The Palate Disclosure

Right, I know what a lot of you are thinking, will he ever stop going on and on about tasting notes? Fear not, from next week on we will focus on wine and estates again! For now, we still have the most important influencer of a tasting note to discuss: a taster’s palate. Objectivity does not exist in wine tasting as has hopefully become clear by now. It is also often the biggest lie told by wine connoisseurs, claiming that regardless of personal preferences, they can accurately judge any type of wine in the world. Needless to say, I firmly disagree with this statement.

If the only wine I had ever drunk is Bordeaux, I would not be able to judge the more delicate wines of Burgundy. If I would know nothing but Burgundian chardonnay, Riesling would hold very little meaning. Why is it then that critics who have made their name and fame with one region feel that they can use the exact same spectacles to look at the rest of the world? This is one half of a palate description, the wines you have drunk, studied and the ones that you remember, that sparked a deeper interest in discovering a region, type or style.

The other half of a palate is knowledge of your own strengths and limitations. Jamie Goode posted an interesting article about raw tasting ability the other day, presenting a lot of good research that I would recommend to anyone who remains insatiable after my recent articles. There are several professionals who assume that a good critic possesses some kind of innate tasting ability that makes her or him better suited for the job. Of course, if you are dependent on convincing a consumer to accept your advice instead of that of wine critic X than you would focus on any factor, whether it actually matters or not, that sets you out from the crowd.

I have the impression that there are few people who really try to discover what their palate is like. Too often people assume that you can become a good taster or critic just by tasting a lot of wines. This is a load of crap. People need to taste consciously and need to be able to reflect on current and previous experiences to discover first and foremost what they like and secondly what they can actually distinguish in a wine. For instance, after tasting countless wines in company of others I found out that I have a relatively high tolerance for acidity. I therefore know now that I have to adjust my view of a wine if I were to form an opinion for the benefit of other people. If I were to follow someone’s advice on a wine, I would need to know what he or she likes and what he or she can actually taste.

So, disclosure time! How would I actually describe my own palate? A good tolerance for acidity will be the key determinant for my view on a lot of wine. If you like German wines for instance, this is basically a sine qua non as Riesling wines are driven by the subtle interplay of acidity, minerality and fruit. When it comes to red wine, acidity will also play a major rule in my judgment next to structure and depth. I will look differently at a wine were the structure is largely based on vinification (oak) rather than on terroir or grape variety. I have a good tolerance for tannins, but when tasting a series of tannic wines my palate will freeze up and debilitate my search for subtlety.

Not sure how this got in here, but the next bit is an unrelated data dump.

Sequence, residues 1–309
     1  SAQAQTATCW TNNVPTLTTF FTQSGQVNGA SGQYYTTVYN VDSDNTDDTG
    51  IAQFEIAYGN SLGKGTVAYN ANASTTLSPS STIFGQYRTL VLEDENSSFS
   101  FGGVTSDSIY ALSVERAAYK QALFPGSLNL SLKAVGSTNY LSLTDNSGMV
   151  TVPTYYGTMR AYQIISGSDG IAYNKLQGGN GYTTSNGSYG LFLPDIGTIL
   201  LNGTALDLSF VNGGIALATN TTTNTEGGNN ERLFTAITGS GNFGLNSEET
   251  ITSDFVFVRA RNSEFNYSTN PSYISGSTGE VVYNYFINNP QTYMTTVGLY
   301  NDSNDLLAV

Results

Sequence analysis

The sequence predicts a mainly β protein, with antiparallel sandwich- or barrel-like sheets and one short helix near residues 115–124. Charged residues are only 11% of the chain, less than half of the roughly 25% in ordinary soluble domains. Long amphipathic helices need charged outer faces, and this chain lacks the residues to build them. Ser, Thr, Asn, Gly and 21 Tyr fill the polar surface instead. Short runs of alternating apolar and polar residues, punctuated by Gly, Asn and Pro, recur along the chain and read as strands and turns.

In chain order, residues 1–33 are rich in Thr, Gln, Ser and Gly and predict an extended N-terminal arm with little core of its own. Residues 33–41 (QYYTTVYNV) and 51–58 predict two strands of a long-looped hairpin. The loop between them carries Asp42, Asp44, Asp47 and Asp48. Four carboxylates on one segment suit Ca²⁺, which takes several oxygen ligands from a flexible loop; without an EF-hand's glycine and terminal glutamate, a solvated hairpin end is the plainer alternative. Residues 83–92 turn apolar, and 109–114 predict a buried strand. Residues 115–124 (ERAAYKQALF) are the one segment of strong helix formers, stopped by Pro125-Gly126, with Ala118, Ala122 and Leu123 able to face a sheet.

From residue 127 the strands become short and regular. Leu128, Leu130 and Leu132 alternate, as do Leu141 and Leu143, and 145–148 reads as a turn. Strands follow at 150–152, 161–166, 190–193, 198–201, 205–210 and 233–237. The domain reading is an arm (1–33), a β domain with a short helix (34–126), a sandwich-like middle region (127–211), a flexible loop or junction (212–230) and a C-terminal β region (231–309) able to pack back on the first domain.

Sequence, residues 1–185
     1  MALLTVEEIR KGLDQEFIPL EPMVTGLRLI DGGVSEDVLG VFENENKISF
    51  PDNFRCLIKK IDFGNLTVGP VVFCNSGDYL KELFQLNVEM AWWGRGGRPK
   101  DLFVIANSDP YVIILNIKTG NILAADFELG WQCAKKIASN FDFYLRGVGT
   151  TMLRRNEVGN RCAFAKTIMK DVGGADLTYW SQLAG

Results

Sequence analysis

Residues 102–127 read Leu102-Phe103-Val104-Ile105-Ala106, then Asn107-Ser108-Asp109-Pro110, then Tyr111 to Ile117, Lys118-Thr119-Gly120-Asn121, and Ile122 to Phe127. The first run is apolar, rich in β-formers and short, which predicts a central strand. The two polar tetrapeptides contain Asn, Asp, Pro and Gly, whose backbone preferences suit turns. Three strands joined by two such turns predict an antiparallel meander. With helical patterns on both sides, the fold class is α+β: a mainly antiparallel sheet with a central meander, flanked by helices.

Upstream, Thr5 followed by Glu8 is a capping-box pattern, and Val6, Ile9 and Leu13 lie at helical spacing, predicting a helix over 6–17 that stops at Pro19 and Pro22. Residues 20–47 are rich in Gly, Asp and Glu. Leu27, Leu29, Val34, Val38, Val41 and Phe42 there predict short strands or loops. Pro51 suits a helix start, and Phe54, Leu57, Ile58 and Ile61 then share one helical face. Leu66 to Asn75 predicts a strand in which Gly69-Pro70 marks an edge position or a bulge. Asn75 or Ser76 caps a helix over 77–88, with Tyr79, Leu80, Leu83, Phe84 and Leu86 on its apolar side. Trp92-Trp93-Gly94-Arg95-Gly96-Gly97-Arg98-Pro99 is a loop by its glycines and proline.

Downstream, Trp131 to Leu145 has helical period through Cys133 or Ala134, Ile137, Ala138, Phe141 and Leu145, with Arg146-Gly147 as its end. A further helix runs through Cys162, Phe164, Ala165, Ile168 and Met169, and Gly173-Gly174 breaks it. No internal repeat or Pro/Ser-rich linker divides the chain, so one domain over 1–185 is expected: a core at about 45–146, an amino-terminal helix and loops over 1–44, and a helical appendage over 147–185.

I tend to prefer wine that is somehow more than the sum of all its components. Some people will call this type of wine complex but I can only agree with this to a certain extent as complexity can also mean that a wine has a lot going on without really being about anything, which I would not label a positive quality. An interesting wine has a sense of mystery in it, something that you cannot describe, something that evokes a memory that remains frustratingly hidden. Something that is yet essential to the wine because you feel it in your gut that it would not be the same without it. Any sommelier course will teach you to deconstruct a wine, identify aromas, flavours and structures that are derived from the grape variety, terroir, the vinificaton or age but very few of them will teach you how to build them back up. I would encourage everyone who is a bit serious about wine to do the exercise. Go through one of your better tasting notes, buy the wine you described previously and try to reconstruct it. This is incredibly difficult I admit, but it will force you to become a more focused taster.

I shy away from wines that are too much in-your-face, often designed to be instantaneously pleasing but not offering anything more, the equivalent of a vinous one night stand actually. There are a couple of wines that I simply don’t like for this reason, muscat or viognier, overoaked new world malbec or chardonnay. A wine needs to be subtle, packed with flavour but not giving everything away right from the start. It should be something that intrigues you, inviting you to discover what it has to offer if you are just courteous enough. Finally, it should be gratifying, actually containing some kind of payoff for your effort. Nothing that doesn’t come out as the wine will only be drinkable in ten years, nothing that you just happen to miss as a wine is going through a closed phase. I am drinking that wine now damnit, not at some point in the future that in all likelihood will not occur!

There you have it, everything that has occupied me with regards to the tasting of wine for the past month. I did say it in the very first post, this will partially be a personal journey through wine so this may have been a bit too much self-reflection for some readers but if you want to know what type of wines I will discuss in the future and more importantly why, this is pretty much the basic info you need.

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